Letters to Nature

Nature 418, 856-858 (22 August 2002) | doi:10.1038/nature00964; Received 22 February 2002; Accepted 4 July 2002

Emergent excitations in a geometrically frustrated magnet

S.-H. Lee1, C. Broholm1,2, W. Ratcliff3, G. Gasparovic2, Q. Huang1, T. H. Kim3,4 & S.-W. Cheong3

  1. NIST Center for Neutron Research, National Institute of Standards and Technology, Gaithersburg, Maryland 20899, USA
  2. Department of Physics and Astronomy, The Johns Hopkins University, Baltimore, Maryland 21218, USA
  3. Department of Physics and Astronomy, Rutgers University, Piscataway, New Jersey 08854, USA
  4. Present address: Francis Bitter Magnet Laboratory, Massachusetts Institute of Technology, Cambridge, Massachusetts 02139, USA.

Correspondence to: S.-H. Lee1 Correspondence and requests for materials should be addressed to S.H.L. (e-mail: Email: shl@nist.gov).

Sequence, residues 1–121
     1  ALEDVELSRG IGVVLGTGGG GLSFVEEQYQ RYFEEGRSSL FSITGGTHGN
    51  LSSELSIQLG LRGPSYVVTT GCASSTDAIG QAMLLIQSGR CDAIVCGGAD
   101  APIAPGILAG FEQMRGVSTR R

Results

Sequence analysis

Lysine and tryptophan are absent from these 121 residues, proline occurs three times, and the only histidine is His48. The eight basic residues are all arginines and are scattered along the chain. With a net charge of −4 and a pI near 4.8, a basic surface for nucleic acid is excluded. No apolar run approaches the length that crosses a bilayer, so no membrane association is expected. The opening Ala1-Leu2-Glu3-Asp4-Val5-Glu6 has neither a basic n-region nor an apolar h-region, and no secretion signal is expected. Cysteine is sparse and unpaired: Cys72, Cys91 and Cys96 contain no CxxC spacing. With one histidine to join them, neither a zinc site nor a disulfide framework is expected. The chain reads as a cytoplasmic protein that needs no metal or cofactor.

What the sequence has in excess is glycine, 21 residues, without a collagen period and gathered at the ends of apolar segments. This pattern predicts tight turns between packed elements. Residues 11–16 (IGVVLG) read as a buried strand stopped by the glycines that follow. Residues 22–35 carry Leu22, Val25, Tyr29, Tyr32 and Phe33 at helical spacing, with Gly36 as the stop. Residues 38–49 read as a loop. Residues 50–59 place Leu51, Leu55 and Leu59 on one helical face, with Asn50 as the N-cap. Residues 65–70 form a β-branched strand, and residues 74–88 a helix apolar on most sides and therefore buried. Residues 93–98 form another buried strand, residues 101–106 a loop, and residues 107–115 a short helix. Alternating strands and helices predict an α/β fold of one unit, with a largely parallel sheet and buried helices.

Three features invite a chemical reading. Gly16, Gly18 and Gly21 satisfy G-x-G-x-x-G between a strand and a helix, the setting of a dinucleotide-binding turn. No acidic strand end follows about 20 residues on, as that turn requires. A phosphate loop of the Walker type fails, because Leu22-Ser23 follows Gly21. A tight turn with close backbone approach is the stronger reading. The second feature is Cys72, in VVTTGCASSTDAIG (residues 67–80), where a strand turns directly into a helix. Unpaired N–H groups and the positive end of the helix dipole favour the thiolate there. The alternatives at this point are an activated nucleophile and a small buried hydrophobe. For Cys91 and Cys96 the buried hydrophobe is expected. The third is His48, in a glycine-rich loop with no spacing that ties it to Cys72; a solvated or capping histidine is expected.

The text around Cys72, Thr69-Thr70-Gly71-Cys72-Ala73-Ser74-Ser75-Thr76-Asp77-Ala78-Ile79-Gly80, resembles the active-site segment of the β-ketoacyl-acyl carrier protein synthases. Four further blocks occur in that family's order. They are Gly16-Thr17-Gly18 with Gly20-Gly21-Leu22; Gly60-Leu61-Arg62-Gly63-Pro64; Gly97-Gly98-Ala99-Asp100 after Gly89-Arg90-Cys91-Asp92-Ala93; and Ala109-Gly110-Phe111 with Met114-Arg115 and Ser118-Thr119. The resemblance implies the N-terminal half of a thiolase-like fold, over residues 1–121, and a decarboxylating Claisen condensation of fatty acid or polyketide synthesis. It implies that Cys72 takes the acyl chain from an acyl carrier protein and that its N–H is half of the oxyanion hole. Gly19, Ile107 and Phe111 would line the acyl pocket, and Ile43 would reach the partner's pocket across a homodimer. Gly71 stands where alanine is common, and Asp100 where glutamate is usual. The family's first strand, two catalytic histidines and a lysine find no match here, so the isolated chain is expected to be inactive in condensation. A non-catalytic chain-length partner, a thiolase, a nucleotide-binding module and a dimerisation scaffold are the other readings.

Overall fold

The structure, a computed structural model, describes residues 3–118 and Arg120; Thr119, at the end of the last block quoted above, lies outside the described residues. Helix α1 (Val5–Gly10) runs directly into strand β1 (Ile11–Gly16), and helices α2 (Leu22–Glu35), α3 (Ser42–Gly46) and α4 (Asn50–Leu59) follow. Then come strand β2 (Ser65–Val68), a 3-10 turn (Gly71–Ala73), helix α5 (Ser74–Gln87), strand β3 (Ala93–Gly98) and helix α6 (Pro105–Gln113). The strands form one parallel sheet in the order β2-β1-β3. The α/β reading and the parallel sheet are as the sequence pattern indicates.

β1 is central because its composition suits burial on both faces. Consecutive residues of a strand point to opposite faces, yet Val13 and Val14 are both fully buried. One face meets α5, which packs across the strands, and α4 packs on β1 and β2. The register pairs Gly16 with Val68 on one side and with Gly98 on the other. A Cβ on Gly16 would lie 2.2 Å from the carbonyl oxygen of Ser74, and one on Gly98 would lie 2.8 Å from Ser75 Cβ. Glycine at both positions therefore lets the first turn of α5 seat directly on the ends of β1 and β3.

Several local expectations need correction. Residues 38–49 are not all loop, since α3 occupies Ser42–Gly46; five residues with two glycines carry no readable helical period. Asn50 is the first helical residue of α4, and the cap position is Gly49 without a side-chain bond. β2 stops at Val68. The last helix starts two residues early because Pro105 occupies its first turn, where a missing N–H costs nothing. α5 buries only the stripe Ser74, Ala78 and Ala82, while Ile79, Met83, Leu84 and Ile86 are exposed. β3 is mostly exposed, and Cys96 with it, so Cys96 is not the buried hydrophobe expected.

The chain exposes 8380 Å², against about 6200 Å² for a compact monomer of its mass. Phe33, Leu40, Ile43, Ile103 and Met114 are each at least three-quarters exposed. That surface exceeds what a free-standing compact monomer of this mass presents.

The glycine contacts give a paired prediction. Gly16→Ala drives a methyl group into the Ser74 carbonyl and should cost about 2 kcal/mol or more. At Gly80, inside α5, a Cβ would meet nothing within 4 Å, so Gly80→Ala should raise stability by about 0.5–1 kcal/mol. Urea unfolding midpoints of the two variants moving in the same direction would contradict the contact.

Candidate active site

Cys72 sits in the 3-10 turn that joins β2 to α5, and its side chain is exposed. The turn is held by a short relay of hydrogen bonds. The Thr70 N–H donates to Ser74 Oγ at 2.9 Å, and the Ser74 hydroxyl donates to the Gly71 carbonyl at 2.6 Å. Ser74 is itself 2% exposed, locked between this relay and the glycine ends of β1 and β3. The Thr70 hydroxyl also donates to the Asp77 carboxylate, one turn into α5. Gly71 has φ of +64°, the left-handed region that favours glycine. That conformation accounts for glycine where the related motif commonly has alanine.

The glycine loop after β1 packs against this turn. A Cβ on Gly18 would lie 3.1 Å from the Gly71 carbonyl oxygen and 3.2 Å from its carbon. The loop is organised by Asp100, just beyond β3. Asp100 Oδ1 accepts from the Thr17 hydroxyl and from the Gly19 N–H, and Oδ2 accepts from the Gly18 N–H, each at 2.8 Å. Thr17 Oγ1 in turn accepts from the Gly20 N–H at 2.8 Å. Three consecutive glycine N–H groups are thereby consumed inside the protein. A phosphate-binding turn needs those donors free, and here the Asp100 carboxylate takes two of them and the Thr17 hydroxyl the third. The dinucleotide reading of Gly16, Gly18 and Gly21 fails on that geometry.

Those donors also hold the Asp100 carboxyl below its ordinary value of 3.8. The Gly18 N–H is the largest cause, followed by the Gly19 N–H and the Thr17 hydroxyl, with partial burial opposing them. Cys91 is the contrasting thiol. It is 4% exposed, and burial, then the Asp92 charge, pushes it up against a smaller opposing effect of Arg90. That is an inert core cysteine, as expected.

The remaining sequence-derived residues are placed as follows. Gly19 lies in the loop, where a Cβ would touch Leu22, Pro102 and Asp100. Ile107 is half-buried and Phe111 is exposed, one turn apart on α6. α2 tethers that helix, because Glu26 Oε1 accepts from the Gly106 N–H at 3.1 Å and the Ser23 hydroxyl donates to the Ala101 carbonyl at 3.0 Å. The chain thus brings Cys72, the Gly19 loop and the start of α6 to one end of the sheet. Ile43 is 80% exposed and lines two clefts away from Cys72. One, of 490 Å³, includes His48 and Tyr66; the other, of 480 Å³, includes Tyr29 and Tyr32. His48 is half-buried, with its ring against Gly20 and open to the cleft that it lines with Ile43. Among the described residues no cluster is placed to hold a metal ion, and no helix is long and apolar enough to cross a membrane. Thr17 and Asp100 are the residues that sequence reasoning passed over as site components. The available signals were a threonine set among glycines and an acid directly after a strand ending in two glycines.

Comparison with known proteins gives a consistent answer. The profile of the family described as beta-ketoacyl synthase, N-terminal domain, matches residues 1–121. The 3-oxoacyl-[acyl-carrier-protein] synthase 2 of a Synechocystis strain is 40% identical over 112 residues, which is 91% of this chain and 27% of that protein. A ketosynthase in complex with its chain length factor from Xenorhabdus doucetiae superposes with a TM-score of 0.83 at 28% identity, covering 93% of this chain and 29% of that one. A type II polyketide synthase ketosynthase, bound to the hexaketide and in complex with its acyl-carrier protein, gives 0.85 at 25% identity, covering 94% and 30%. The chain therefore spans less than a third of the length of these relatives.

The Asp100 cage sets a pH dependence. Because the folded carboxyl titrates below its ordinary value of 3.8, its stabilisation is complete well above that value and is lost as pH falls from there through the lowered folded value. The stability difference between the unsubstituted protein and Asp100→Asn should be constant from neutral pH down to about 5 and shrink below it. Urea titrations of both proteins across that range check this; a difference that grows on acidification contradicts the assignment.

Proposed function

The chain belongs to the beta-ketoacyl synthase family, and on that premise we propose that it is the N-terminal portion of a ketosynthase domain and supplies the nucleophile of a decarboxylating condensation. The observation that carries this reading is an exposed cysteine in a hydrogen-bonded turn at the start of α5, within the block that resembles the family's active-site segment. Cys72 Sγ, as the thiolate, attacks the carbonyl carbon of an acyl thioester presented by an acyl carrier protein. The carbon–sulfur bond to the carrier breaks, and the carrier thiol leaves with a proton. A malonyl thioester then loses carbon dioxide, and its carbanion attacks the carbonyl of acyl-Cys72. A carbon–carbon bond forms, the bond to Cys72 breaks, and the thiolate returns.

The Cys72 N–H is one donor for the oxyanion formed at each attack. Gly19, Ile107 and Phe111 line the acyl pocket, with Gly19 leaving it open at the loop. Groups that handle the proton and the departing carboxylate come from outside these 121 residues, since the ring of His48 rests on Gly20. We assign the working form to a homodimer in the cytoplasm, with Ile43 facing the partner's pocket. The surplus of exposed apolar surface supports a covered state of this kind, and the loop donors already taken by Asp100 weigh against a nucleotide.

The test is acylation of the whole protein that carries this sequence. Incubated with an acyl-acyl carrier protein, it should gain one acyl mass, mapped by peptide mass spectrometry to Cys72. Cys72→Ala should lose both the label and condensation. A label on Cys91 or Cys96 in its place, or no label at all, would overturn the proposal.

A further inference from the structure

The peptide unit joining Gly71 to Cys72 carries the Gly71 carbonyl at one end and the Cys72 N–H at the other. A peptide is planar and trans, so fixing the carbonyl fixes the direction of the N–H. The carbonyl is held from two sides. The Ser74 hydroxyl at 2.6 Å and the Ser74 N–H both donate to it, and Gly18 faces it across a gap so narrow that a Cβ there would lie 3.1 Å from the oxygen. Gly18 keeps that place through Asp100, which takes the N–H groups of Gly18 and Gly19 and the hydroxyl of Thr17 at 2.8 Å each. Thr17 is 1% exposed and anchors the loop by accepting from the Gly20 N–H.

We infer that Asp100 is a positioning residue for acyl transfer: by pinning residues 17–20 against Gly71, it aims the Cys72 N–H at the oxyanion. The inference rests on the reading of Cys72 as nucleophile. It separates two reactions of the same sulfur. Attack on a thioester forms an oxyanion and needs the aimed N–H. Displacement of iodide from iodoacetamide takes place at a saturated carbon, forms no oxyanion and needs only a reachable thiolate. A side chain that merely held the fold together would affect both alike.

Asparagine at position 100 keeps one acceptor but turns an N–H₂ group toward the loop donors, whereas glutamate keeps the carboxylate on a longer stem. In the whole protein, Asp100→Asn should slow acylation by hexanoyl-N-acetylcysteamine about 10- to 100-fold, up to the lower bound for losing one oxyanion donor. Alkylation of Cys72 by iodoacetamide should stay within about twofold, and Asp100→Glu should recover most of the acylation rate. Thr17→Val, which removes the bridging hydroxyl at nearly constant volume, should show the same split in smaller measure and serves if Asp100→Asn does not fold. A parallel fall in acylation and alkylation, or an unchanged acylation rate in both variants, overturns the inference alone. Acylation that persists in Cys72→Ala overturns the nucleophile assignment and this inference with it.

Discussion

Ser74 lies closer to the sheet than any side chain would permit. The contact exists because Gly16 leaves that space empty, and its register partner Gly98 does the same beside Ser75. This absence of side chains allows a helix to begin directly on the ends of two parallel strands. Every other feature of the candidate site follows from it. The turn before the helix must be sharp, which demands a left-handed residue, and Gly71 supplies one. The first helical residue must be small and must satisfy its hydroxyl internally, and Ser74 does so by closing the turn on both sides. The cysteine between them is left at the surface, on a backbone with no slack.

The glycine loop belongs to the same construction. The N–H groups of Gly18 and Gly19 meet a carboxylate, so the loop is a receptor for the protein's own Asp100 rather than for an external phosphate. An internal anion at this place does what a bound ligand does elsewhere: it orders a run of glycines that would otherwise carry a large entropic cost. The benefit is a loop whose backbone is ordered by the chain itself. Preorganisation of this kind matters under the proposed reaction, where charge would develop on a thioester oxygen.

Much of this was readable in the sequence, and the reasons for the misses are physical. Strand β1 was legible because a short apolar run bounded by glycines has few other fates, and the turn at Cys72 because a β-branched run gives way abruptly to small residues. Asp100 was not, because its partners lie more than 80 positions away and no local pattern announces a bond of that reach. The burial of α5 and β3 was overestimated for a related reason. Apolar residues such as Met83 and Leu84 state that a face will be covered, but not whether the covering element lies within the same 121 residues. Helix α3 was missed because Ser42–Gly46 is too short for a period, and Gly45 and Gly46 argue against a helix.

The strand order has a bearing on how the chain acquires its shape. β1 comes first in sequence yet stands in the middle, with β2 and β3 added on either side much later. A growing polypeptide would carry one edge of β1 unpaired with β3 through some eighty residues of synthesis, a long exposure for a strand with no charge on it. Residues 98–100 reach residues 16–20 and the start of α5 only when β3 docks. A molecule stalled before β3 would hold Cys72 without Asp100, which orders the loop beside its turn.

Frustrated systems are ubiquitous1, 2, 3, and they are interesting because their behaviour is difficult to predict; frustration can lead to macroscopic degeneracies and qualitatively new states of matter. Magnetic systems offer good examples in the form of spin lattices, where all interactions between spins cannot be simultaneously satisfied4. Here we report how unusual composite spin degrees of freedom can emerge from frustrated magnetic interactions in the cubic spinel ZnCr2O4. Upon cooling, groups of six spins self-organize into weakly interacting antiferromagnetic loops, whose directors—the unique direction along which the spins are aligned, parallel or antiparallel—govern all low-temperature dynamics. The experimental evidence comes from a measurement of the magnetic form factor by inelastic neutron scattering; the data show that neutrons scatter from hexagonal spin clusters rather than individual spins. The hexagon directors are, to a first approximation, decoupled from each other, and hence their reorientations embody the long-sought local zero energy modes for the pyrochlore lattice.